John Geere (c. 1601–1649) was an ordained minister in Church of England, serving on the western border of England and Wales. Though aligning himself with both England’s Crown and Church, Geere did not conform to all the ceremonies of the Book of Common Prayer, and after 1624 he was silenced by the bishop of Gloucester.
The section below comes from his brief tract, The Character of an Old English Puritan (edited by our own Danny Hyde):
The Old English Puritan was one that honored God above all and under God gave every one his due.
Worship and the Word
His first care was to serve God, and therein he did not what was good in his own, but in God’s sight, making the Word of God the rule of his worship. He highly esteemed order in the House of God: but would not under color of that submit to superstitious rites, which are superfluous, and perish in their use. He reverenced Authority keeping within its sphere: but dared not under pretense of subjection to the higher powers, worship God after the traditions of men. He made conscience of all God’s ordinances, though some he esteemed of more consequence.
He was much in prayer; with it he began and closed the day. In it he was exercised in his closet, family, and public assembly. He esteemed that manner of prayer best, where by the gift of God, expressions were varied according to present needs and occasions; yet he did not account set forms unlawful. Therefore in that circumstance of the Church he did not wholly reject the Liturgy, but the corruption of it.
Reading and Preaching of the Word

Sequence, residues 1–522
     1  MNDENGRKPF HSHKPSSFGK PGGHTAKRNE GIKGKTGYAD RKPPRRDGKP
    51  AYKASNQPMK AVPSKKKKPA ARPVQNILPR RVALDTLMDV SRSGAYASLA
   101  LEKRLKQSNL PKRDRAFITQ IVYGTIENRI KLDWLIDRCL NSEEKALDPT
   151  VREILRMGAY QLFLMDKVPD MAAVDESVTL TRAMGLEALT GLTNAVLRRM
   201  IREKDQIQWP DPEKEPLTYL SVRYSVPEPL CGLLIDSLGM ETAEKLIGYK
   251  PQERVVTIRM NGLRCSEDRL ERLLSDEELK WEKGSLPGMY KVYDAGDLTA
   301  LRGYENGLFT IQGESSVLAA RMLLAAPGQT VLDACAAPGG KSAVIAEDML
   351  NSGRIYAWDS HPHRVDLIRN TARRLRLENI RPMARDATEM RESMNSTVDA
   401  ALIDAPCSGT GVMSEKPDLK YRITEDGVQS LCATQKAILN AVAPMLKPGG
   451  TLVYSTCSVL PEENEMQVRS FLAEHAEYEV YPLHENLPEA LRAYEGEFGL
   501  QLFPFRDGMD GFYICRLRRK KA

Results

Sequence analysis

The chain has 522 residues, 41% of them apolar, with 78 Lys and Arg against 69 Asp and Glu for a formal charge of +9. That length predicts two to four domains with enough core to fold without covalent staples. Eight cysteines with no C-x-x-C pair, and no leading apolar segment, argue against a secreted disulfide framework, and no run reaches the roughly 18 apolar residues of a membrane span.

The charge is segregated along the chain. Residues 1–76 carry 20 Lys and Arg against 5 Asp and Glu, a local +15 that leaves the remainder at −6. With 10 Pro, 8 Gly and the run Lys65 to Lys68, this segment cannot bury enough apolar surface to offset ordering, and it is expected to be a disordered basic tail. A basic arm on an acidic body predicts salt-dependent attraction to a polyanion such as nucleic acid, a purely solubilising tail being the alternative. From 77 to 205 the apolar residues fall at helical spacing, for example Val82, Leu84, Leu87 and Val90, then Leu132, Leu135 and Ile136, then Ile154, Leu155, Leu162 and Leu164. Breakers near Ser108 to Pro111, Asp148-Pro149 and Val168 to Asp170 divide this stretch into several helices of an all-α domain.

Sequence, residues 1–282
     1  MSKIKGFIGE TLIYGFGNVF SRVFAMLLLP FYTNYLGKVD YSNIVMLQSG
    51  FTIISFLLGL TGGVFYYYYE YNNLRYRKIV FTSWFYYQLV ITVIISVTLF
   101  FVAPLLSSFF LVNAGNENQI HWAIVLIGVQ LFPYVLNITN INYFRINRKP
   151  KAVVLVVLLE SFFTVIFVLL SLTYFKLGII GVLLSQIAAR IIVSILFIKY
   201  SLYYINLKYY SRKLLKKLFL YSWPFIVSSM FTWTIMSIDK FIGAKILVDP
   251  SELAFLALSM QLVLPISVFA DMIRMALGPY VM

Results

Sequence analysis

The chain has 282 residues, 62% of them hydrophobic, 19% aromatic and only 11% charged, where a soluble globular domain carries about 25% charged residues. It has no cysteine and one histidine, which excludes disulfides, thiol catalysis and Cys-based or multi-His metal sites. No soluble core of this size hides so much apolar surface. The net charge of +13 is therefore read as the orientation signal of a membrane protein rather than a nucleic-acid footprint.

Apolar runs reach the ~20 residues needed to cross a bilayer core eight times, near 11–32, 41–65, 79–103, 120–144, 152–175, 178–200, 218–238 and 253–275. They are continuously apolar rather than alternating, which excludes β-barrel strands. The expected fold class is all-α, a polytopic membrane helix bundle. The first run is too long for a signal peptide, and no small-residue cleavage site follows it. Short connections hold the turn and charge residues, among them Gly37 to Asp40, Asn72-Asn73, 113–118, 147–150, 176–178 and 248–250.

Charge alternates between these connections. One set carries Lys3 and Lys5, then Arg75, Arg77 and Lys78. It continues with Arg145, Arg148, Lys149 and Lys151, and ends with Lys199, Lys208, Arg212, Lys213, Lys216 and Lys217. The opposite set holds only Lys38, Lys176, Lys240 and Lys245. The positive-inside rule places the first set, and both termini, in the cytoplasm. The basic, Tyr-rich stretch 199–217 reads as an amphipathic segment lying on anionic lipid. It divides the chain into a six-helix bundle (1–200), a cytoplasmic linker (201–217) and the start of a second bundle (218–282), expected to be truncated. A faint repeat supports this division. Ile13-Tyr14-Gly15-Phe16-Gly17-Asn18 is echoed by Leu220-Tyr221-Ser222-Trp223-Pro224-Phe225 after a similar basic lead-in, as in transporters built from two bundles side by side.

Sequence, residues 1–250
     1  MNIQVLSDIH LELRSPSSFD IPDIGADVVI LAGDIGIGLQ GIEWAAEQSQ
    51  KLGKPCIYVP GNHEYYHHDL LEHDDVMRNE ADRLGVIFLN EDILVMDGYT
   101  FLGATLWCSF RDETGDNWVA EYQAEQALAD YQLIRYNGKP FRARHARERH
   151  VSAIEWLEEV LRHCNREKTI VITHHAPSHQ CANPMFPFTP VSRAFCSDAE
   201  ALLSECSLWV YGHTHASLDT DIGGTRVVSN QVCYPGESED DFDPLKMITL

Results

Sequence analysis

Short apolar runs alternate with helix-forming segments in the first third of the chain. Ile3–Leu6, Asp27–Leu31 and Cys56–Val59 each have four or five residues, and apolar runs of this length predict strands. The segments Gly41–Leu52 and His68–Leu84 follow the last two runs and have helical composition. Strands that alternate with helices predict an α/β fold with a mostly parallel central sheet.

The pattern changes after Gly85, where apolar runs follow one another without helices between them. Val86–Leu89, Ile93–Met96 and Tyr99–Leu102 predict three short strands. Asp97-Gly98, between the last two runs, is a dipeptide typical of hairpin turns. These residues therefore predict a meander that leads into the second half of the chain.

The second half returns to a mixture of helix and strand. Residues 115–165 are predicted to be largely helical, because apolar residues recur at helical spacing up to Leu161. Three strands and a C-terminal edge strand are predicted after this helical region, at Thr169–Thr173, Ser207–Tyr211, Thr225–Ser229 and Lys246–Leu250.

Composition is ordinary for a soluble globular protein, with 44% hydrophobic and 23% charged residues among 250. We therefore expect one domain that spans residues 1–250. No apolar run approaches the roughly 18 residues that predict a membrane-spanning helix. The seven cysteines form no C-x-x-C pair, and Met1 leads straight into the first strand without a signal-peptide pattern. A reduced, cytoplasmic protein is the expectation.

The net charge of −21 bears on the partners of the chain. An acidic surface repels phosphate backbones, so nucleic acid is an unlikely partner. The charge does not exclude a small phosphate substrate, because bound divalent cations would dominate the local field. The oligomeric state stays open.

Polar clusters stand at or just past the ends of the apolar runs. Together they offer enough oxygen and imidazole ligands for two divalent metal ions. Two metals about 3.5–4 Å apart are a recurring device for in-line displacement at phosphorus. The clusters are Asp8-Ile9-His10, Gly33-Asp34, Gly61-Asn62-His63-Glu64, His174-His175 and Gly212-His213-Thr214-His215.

He esteemed reading of the Word an ordinance of God both in private and public but did not account reading to be preaching. The Word read he esteemed of more authority, but the word preached of more efficacy. He accounted preaching as necessary now as in the Primitive Church, God’s pleasure being still by the foolishness of preaching to save those that believe. He esteemed the preaching best wherein was most of God, least of man, when vain flourishes of wit and words were declined, and the demonstration of God’s Spirit and power studied; yet could he distinguish between studied plainness and negligent rudeness.
He accounted perspicuity the best grace of a preacher: and that method best, which was most helpful to understanding, affection, and memory. To which ordinarily he esteemed none so conducible as that by doctrine, reason, and use. He esteemed those sermons best that came closest to the conscience: yet would he have men’s consciences awakened; not their persons disgraced. He was a man of good spiritual appetite, and could not be contented with one meal a day. An afternoon sermon was as pleasing to him as one in the morning. He was not satisfied with prayers without preaching: which if it were lacking at home, he would seek abroad: yet would he not by absence discourage his minister, if faithful, though another might have more lively gifts.